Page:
But now it’s getting dark. People are drifting back to their homes. Supper in on the table- it’s time to call it a day. But while Jesus may have finished teaching, his time for R&R wasn’t here yet. There was business on the other side of the lake. Mark tells us “they took him with them in the boat, just as he was.” It’s as if he’s so worn out that he says, “Just go, guys. I’m not even going to walk around, stretch the legs. Let’s not worry about dinner. Let’s just go.” Some commentators believe that Jesus was asleep even before the boat left the shore.

They unfurl the sails and begin to cross the lake, this boat with Jesus and his disciples, as well as other boats on the lake. There were always people following Jesus- sometimes even running around the lake on foot to wait for Jesus on the other side. But we gotta remember- this is no ordinary lake, and this was no ordinary evening.

Temperamental thing, this Sea of Galilee was. Sitting about 682 feet below sea level, it’s the world’s lowest-elevated body of fresh water. Surrounded by hills and sitting in the Great Rift Valley, sudden storms were normal. They were an almost daily part of life as the warm air around the lake met the colder air coming down from the mountains. After 30 minutes or so of fierce windstorms, things would return to normal.

One of the things that my wife likes to hide from the world is that I’m a pretty romantic guy. No, seriously. I liked to take Sarai on dates that would showcase my affections for her, that would make her feel like a queen. This was all before we got married, of course. I had to woo her into becoming my bride.

So I decided one day to take her catfishing! Nothing screams “romance” like floating down a lake and hooking into some blue cats! So I borrowed my uncle’s boat, headed on down to Bugg’s Island, put the boat in the water, and began a lovely afternoon of fishing.

Lovely, that is, until our little outboard motor decided to die. Not a huge problem, but by now we were a couple miles away from where we had put in. Ok, so I’ll use the trolling motor. For now let’s fish! But…the fish weren’t biting. And it started raining. And what started as a good breeze for drifting became a strong wind that produced whitecaps. And it didn’t take much longer for us to realize that the aluminum john boat we were in probably wasn’t the safest boat to be sitting in when the storm hit.

So there we were, putter-puttering along in the rain, using the trolling motor to get back to the truck, when the battery died! To cut a long (and romantic!) story short, we were eventually towed back to the truck by a kind fisherman. Um, believe it or not, we’ve not been catfishing since! Weird, I know.

That day I learned just how quickly a peaceful trip on a lake can turn into a bad scenario, but the disciples had it much, much worse. Mark tells us that as they were sailing across the lake, “37 …a great windstorm arose, and the waves were breaking into the boat, so that the boat was already filling.”

Our ESV calls this a “great windstorm,” but this doesn’t quite do justice to the Greek. This was a tempest, a small-scale hurricane. Now remember- many of these men were fishermen. They were used to being on the water, and storms weren’t unusual. Even today it’s not uncommon for ten-foot waves to break on the shore, and there have been documented cases of water flowing as far as two-hundred yards inland from these swells.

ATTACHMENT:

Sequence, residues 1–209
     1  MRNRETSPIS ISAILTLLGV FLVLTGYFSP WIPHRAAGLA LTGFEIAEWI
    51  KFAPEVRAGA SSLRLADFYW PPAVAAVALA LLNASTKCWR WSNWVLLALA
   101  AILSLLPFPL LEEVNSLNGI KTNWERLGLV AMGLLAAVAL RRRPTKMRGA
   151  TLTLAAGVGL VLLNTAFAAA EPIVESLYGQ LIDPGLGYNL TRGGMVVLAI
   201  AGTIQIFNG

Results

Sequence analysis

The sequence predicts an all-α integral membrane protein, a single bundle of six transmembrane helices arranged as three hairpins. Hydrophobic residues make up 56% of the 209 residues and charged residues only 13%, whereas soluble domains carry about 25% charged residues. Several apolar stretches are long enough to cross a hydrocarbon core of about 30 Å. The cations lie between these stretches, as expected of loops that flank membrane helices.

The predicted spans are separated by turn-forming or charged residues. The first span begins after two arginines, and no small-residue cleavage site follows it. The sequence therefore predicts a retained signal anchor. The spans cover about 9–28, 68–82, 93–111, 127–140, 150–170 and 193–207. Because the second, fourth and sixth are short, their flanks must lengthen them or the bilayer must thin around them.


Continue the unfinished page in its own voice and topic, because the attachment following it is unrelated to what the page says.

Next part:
But this storm was a widow-maker. As these 13 men crammed into this fishing boat, they encountered a storm of epic proportions. Bailing furiously, they were unable to keep water out of the boat- to the point where they were fearful for their lives.

And where was Jesus in this mess? While these men are panicking, and bailing, and fighting the waves, and fearing for their lives, Mark tells us that Jesus “38  …was in the stern, asleep on the cushion.” Now that’s tired. I don’t think Jesus looked at his watch, thought to himself “Hmm. I have about an hour before this storm hits. Better fall asleep now to make it look good…” No, I think he was plain exhausted.

Sarai and I had a difficult delivery with Uriah. Probably more difficult for her. Most difficult for him. But there were complications. It was a trying delivery that threatened the life of my son. More than once during delivery his heart stopped. He was born with a large head and water on the brain. Thankfully, the extra cerebrospinal fluid has since been reabsorbed into his body.

But the delivery was anything but normal, and it took a mental and emotional toll on me that led to pure exhaustion. Several times that night as nurses came into talk to us and even measure our heads for a frame of reference, I could not for the life of me stay awake. It was like I was drugged. Not even during my deployment had I experienced this kind of shutdown that came with total exhaustion.

And I think that’s what we’re seeing here with Jesus. The walking, talking, teaching, healing, exorcising, loving ministry that consumed his life had taken its toll, and he was exhausted. Even as this small fishing boat is being hammered by the waves , and water is filling the boat, Jesus is knocked out.